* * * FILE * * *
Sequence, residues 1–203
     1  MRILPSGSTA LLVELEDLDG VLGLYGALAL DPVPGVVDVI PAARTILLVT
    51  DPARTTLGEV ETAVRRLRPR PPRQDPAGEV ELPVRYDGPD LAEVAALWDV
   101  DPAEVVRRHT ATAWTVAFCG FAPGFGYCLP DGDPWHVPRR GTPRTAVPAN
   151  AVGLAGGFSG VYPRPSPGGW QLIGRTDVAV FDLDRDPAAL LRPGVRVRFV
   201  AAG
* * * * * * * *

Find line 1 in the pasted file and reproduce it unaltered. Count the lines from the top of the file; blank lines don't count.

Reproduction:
Sequence, residues 1–203